In part because of these failures, some insist that the only historical precedents that show the scale and speed of change required in the face of the climate crisis are the World War II mobilizations that saw Western powers transforming their manufacturing sectors and consumption patterns to fight Hitler’s Germany. It was certainly a dizzying level of change: factories were retooled to produce ships, planes, and weapons. To free up food and fuel for the military, citizens changed their lifestyles dramatically: in Britain, driving for anything other than necessity virtually ceased; between 1938 and 1944, use of public transit went up by 87 percent in the United States and by 95 percent in Canada. In 1943, in the United States, twenty million households (representing three-fifths of the population) had “Victory gardens” in their yards, growing fresh vegetables that accounted for 42 percent of all those consumed that year.
Others argue that a better analogy than the war effort itself was the reconstruction afterward—specifically, the Marshall Plan, a kind of New Deal for Western and southern Europe. In West Germany, the US government spent billions to rebuild a mixed economy that would have broad-based support and would undercut the rising support for socialism (while providing a growing market for US exports). That meant direct job creation by the state, huge investment in the public sector, subsidies for German firms, and support for strong labor unions. The effort was widely regarded as Washington’s most successful diplomatic initiative.
Each precedent has its own glaring weaknesses and contradictions. The biggest limitation with all these historical comparisons, from the New Deal to the Marshall Plan, is that, together, they succeeded in kick-starting and hugely expanding the high-carbon lifestyle of suburban sprawl and disposable consumption that is at the heart of today’s climate crisis. The tough truth, as the IPCC’s report stated, is that “there is no historical precedent for the scale of the necessary transitions, in particular in a socially and economically sustainable way”—a reference to the fact that global emissions have only ever dropped significantly during times of deep economic crisis, such as the Great Depression and after the collapse of the Soviet Union, and that the wars that spurred rapid social transformations were humanitarian and ecological disasters.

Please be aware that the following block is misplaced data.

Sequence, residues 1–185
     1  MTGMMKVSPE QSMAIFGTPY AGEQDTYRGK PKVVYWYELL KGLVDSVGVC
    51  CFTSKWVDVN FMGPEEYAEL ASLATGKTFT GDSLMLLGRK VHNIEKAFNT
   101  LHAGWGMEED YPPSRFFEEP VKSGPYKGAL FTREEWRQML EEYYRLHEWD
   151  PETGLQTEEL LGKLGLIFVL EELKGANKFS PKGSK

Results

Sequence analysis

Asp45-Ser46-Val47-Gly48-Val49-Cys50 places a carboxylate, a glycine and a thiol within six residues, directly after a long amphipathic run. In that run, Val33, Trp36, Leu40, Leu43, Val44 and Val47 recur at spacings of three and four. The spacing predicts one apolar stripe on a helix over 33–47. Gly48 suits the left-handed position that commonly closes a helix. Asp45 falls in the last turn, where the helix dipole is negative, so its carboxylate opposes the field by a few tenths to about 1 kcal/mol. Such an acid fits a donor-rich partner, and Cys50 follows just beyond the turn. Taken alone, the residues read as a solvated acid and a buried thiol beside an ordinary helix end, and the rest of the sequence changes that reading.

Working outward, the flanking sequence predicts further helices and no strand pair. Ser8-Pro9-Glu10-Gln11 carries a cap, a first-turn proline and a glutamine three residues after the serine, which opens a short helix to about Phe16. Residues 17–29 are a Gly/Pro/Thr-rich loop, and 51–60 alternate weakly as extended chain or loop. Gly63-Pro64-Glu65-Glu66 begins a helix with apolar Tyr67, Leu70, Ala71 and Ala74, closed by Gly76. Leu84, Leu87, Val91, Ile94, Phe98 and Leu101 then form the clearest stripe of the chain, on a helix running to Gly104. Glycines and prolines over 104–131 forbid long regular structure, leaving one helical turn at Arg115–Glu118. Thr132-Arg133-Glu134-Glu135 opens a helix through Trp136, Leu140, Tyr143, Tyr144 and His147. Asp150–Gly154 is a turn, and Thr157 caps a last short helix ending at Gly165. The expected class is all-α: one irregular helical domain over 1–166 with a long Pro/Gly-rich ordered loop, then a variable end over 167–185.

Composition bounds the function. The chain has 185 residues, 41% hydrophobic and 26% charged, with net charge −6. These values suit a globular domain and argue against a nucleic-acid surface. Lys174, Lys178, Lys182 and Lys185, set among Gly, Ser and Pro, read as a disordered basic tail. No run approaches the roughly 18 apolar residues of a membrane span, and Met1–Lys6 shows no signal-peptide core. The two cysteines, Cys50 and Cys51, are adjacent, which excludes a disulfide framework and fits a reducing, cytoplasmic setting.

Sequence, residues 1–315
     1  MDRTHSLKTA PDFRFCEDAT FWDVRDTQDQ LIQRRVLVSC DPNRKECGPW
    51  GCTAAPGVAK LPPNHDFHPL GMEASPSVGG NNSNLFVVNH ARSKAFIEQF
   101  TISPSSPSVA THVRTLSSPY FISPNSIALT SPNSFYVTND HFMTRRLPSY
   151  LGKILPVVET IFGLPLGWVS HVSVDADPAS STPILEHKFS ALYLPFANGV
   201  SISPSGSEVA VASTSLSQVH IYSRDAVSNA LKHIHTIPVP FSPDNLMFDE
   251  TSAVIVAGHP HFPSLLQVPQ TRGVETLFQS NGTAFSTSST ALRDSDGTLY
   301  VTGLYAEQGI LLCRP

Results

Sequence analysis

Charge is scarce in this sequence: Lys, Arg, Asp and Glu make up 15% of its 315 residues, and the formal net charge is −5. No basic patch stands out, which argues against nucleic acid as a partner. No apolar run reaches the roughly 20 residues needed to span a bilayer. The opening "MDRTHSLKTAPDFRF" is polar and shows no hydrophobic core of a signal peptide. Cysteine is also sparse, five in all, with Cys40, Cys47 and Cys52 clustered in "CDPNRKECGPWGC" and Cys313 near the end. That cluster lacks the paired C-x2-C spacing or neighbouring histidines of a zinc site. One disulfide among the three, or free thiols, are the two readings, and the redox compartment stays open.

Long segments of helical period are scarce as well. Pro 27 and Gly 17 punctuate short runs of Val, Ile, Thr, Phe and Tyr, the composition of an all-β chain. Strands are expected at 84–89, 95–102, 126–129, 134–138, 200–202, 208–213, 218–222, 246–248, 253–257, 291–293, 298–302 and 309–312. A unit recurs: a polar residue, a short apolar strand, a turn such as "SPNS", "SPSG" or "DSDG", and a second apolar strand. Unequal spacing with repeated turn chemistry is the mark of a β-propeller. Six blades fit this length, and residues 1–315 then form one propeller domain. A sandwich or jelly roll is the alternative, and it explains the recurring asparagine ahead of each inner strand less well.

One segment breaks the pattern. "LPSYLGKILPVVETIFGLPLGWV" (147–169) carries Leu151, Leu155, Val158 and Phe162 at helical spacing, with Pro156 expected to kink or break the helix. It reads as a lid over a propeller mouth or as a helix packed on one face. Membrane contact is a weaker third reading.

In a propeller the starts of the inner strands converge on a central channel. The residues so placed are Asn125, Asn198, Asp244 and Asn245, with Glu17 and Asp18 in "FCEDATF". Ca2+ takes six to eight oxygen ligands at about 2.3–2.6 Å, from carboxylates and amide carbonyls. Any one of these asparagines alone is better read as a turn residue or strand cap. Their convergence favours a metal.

My own view is that as flawed as each historical analogy necessarily is, each is still useful to study and invoke. Every one, in its own way, presents a sharp contrast to the tepid market-based approaches—whether carbon trading, offsetting, or taxing—that have characterized government responses to the climate crisis for decades. The New Deal, the World War II mobilizations, and the Marshall Plan all remind us that another approach to profound crisis was always possible and still is today. Faced with the collective emergencies that punctuated those decades, the response was to enlist entire societies, from individual consumers to workers to large manufacturers to every level of government, in deep transformations with clear common goals.
These precedents remind us of something equally important: we don’t need to figure out every detail before we begin. Every one of these earlier mobilizations contained multiple false starts, improvisations, and course corrections. What matters is that we begin the process right away. As Greta Thunberg says, “We cannot solve an emergency without treating it like an emergency.” We have to “act as if the house is on fire, because it is.”
That does not mean we simply need a New Deal painted green, or a Marshall Plan with solar panels. We need changes of a different quality and character. We need wind and solar power that is widely distributed and, where possible, community-owned, rather than the New Deal’s highly centralized, monopolistic river-damming hydro and fossil-fuel power. We need beautifully designed, racially integrated, zero-carbon urban housing, built with democratic input from communities of color, rather than the sprawling white suburbs and racially segregated urban housing projects of the postwar period. We need to devolve power and resources to indigenous communities, smallholder farmers, ranchers, and sustainable fishing folk so they can lead a process of planting billions of trees, rehabilitating wetlands, and renewing soil—rather than handing over control of conservation to the military and federal agencies, as was overwhelmingly the case in the New Deal’s Civilian Conservation Corps.
The various plans that have emerged for a Green New Deal-style transformation envision a future where the difficult work of transition has been embraced, including sacrifices in profligate consumption. But in exchange, day-to-day life for working people will have been improved in countless ways, with more time for leisure and art, truly accessible and affordable public transit and housing, yawning racial and gender wealth gaps closed at last, and city life that is not an unending battle against traffic, noise, and pollution.